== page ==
Figures from maintained schools in England in 2015-16 show a spend of £1.3 billion* (or £58,699 on average, per school per year) on directly-employed supply teachers, agency supply teachers and supply teacher insurance.
Supply teacher recruitment agencies have an extremely valuable part to play in the recruitment process.
We should know, we have contractual relationships with over 20% of the UK’s recruitment firms. These agencies work with GRI and our clients, signing up to commercially negotiated margins and rigorous standards. But paying a fair rate for providing a superlative service is one thing, paying overinflated costs to substandard agencies is another. GRI recently analysed thousands of supply agency invoices (not already on our GRI contracted panel) across 60 schools. As part of our investigations we found agency charges varied from £44 a day to £74 a day for supplying exactly the same teacher profile.
On the flipside, we also found occasions where the cheapest agency charge rates were unfortunately indicative of unreliable or below calibre candidates and poor compliance.
From our analysis, we identified potential savings of 14% for standard teacher rates and up to 20% for specialist roles, if charge rates were negotiated down to a fairer rate. We also identified the potential benefits of an agency panel that would compete on quality of candidate, therefore further driving up standards.
GRI was subsequently engaged by the schools to renegotiate their agency charges, onboard agencies onto fairer contracts with more robust KPIs, and then manage and police agency supply, whilst ensuring fulfilment. Our program has been incredibly successful with over £300,000 pounds worth of savings generated across the schools (on average £5,000 per school) that would otherwise have gone to paying supply recruitment agencies.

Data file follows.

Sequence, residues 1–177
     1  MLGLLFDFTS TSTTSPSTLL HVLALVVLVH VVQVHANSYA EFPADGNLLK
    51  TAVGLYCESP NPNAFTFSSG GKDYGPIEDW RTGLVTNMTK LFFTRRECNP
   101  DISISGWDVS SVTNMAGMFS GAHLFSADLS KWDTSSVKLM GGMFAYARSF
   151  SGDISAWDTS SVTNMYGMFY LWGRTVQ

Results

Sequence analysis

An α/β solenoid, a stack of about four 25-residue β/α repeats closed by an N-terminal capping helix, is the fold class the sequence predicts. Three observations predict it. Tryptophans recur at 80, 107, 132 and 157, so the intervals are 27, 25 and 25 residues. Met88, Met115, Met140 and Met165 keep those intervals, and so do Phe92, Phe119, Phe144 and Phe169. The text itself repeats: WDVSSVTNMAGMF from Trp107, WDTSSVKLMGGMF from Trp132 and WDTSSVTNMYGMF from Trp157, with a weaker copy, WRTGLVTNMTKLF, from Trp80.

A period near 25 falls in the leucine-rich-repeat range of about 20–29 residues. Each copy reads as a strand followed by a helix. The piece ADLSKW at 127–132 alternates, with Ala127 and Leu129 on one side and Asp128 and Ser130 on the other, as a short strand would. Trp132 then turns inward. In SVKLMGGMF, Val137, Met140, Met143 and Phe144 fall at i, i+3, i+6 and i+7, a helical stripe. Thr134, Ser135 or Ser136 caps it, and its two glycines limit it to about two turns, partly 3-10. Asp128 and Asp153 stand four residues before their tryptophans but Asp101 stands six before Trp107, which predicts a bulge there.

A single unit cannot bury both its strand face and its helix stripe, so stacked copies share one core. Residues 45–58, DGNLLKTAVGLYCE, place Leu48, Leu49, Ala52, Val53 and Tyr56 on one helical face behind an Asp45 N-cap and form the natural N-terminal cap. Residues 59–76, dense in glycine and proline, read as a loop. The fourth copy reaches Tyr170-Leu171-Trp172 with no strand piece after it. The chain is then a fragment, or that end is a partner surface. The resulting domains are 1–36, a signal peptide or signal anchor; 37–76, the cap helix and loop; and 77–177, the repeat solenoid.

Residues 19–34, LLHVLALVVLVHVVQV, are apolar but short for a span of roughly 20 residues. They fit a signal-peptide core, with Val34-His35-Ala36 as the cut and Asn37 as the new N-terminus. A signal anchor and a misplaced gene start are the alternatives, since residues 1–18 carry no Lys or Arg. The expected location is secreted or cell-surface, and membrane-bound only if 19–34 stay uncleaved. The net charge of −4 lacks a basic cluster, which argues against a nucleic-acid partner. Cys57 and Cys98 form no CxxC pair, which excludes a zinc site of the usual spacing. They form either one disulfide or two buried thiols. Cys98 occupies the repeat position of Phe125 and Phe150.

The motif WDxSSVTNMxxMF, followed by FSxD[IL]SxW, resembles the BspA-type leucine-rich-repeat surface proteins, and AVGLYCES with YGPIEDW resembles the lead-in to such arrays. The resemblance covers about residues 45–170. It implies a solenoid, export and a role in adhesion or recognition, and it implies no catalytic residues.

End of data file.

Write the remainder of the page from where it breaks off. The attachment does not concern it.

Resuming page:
As schools up and down the country look to how to fund the government’s announced 3.5% pay-rise for teachers (of which schools will need to fund the first 1%), there is an increasing spotlight on already stretched budgets. With an average teacher pay of £37,900 in primary schools and £40,600 in secondary schools, a 1% increase would cost £379 per teacher in primaries and £406 in secondaries.
Given an average school typically has 19 teachers (with primaries typically between 7 and 12)** a 1% increase could amount to, on average, c.£7,000 per school. An additional cost that could be majority funded through the GRI model of managing supply agencies.
We are also talking to schools about achieving even more significant cost savings through not just reducing agency charges by a percentage, but by removing the need to use agencies at all through helping schools implement or better manage their bank staff/talent pool.
When World Teachers' Day was set up, it was with the UNESCO aim of appreciating, assessing and improving the educators of the world and to provide an opportunity to consider issues related to teachers and teaching. We hope that our service delivers a window of insight into a key budget issue that impacts schools and teachers today, and that our model provides a welcome solution to something that ultimately takes place outside of the classroom, so that teachers and schools can get on with doing what they do best.
**Source: Based on Department for Education statistics of the number of teachers in state funded schools divided by the number of state funded schools.